United States District Court, E.D. Missouri, Eastern Division
For Jessica Weast, Plaintiff: James W. Eason, LEAD ATTORNEY, EASON LAW FIRM, Clayton, MO.
For Rockport Financial, LLC, doing business as Regional Credit Services, Inc., Defendant: Dennis J. Barton, III, LEAD ATTORNEY, BARTON LAW GROUP, LLC, Chesterfield, MO.
MEMORANDUM AND ORDER
AUDREY G. FLEISSIG, UNITED STATES
This action, brought under the Fair Debt Collection Practices Act, 15 U.S.C. § 1692 (" FDCPA" ), is before the Court on the motion of Defendant Rockport Financial, LLC, to dismiss Plaintiff Jessica Weast's first amended complaint, for failure to state a claim. For the reasons set forth below, Defendant's motion shall be denied in large part.
This case arises out of Defendant's attempt to collect on a debt of $896, allegedly owed by Plaintiff to another. Plaintiff claims that a collection letter Defendant sent to her violated the FDCPA in several ways. The letter, attached to Plaintiff's amended complaint, informed Plaintiff of her outstanding balance, and notified her that she would be charged an additional $3.00 " convenience fee" if she made a payment using a credit or debit card. The letter also stated, in bold and capital letters, " ALL CHECKS MUST BE MADE PAYABLE TO REGIONAL CREDIT SERVICES." Another portion of the letter stated, " If you are still unable to take care of this obligation, please call the office . . . so we are not forced to pursue other means to collect the debt." (Doc. No. 10-1 at 1.)
The one-count amended complaint claims that the convenience fee charge violates 15 U.S.C. § 1692f(1) (prohibiting the " collection of any amount (including any interest, fee, charge, or expense incidental to the principal obligation) unless such amount is expressly authorized by the agreement creating the debt or permitted by law" ). She also claims that the letter violates § 1692e(2) (prohibiting debt collectors from making any false or misleading representations regarding " (A) the character, amount, or legal status of any debt; or (B) any services rendered or compensation which may be lawfully received by any debt collector for the collection of a debt" ) " by using false impressions to characterize the amount of the debt." Lastly she claims that the letter's alleged threat of litigation or that Defendant would use other means to damage her credit reputation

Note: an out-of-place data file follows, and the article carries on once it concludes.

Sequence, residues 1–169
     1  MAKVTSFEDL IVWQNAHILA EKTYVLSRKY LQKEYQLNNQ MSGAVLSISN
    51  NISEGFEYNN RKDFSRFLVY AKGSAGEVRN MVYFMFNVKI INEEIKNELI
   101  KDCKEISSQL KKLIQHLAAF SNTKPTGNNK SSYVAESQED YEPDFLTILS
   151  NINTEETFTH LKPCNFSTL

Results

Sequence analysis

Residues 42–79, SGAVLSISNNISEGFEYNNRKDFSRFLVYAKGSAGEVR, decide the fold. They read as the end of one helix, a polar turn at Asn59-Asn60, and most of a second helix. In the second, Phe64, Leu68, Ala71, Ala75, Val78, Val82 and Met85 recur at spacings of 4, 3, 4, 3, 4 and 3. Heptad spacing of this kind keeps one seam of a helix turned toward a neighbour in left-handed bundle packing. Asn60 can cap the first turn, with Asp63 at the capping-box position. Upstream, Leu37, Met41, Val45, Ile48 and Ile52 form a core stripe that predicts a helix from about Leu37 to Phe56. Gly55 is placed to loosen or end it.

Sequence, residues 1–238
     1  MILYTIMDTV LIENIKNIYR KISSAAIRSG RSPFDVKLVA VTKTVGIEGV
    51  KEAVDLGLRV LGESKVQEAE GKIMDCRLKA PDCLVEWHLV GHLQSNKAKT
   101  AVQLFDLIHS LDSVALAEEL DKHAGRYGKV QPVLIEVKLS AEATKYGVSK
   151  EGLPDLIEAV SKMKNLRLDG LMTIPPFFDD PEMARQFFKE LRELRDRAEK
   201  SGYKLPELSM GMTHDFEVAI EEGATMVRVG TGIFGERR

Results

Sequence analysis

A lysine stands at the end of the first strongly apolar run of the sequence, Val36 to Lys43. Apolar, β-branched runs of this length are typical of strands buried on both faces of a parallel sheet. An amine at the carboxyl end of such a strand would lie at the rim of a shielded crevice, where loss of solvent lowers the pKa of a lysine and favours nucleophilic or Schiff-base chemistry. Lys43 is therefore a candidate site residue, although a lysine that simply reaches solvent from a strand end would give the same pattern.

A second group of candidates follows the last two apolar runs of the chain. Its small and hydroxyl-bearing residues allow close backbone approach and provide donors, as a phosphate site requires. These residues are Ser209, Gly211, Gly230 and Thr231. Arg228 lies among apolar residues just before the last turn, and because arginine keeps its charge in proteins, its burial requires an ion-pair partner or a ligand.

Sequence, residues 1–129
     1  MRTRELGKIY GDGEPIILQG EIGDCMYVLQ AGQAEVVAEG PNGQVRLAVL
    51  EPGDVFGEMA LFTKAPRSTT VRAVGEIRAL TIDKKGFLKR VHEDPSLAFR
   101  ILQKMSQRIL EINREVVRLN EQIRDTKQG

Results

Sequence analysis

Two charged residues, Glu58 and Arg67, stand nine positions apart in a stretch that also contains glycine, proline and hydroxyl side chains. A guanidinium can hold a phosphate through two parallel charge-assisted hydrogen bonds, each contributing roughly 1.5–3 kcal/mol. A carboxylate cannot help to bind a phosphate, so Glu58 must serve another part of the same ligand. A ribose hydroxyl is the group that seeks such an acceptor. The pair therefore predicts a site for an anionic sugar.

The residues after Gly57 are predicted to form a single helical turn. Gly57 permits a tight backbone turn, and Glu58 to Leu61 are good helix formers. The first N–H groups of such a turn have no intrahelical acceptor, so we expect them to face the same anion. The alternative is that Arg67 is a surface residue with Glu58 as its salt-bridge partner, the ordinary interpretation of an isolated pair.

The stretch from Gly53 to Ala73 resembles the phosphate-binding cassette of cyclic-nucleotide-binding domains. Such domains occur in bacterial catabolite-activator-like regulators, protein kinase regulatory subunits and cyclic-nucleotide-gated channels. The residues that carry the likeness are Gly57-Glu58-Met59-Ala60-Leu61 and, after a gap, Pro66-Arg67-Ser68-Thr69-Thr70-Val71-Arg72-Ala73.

in an effort to collect the debt, constitutes an unfair and unconscionable means to collect the debt in question, in violation of § 1692f (prohibiting the use of any " unfair or unconscionable means to collect or attempt to collect a debt" ).
Besides the collection letter, Plaintiff also attached to her complaint a copy of the Consumer Financial Protection Bureau (" CFPB" ) Supervisory Highlights Report from October 2014, that states that § 1692f(1) of the FDCPA prohibits the imposition of fees incidental to the principal obligation where the contract creating the debt does not authorize the imposition of such fees and state law " is silent" on the issue.
Defendant argues that the complaint fails to state a claim, as a matter of law. According to Defendant " the mere reference to a convenience fee" in the letter does not violate the FDCPA because (1) the fee is independent of the existing debt, as it relates to an additional service by a third-party, and (2) the letter made it clear that Plaintiff had another method of payment available, namely payment by check, that did not involve a convenience fee. Defendant contends that Missouri law does not prohibit the charging of convenience or processing fees, and that this silence should be considered as permission to charge such fees. Defendant argues that the CFPB report is not binding on the Court and should not be adopted. Finally, Defendant argues that Plaintiff's assertion that the letter used illegal threatening language is not supported as a matter of law.
In response, Plaintiff argues that offering a choice of payment methods is immaterial to the illegality of charging a convenience fee for payments by a credit or debit card, which is forbidden by the clear language of the statute and the CFPB Report, where, as here, state law is ...